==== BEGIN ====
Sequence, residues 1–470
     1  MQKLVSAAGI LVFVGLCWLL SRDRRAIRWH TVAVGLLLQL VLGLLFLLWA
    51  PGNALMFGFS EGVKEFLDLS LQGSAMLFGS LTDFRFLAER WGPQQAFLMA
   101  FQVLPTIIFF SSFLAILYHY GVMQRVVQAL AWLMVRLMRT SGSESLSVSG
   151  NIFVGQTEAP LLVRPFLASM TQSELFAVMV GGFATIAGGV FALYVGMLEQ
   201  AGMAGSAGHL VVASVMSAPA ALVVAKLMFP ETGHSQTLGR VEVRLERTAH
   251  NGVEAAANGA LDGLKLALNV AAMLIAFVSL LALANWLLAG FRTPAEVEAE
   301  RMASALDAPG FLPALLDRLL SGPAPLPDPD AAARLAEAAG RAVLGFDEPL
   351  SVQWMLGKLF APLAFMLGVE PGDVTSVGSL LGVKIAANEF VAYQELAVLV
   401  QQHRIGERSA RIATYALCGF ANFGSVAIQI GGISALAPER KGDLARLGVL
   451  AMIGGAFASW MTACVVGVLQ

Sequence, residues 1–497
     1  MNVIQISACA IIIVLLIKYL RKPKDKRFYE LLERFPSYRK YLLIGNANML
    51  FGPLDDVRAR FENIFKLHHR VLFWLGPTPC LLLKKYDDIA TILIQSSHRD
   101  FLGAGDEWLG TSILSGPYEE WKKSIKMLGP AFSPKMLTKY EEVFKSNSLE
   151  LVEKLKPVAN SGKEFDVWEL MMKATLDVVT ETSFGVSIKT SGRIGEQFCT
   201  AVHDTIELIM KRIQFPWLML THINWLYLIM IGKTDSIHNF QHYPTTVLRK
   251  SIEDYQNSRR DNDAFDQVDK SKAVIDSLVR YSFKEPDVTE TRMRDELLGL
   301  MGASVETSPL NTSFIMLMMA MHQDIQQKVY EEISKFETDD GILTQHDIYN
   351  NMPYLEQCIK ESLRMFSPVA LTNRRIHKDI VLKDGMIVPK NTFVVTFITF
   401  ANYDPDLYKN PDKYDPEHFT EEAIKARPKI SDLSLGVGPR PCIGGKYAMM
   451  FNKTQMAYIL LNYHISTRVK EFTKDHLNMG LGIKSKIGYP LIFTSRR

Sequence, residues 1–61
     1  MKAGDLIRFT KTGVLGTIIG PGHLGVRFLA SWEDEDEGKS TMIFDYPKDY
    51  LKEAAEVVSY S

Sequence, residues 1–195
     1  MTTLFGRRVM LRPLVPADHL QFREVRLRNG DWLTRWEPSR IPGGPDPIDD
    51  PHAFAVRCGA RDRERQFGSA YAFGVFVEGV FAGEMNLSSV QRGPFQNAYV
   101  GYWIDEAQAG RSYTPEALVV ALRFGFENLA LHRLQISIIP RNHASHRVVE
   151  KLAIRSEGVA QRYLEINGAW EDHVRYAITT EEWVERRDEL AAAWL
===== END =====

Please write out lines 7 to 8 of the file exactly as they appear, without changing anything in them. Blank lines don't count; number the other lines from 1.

   251  NGVEAAANGA LDGLKLALNV AAMLIAFVSL LALANWLLAG FRTPAEVEAE
   301  RMASALDAPG FLPALLDRLL SGPAPLPDPD AAARLAEAAG RAVLGFDEPL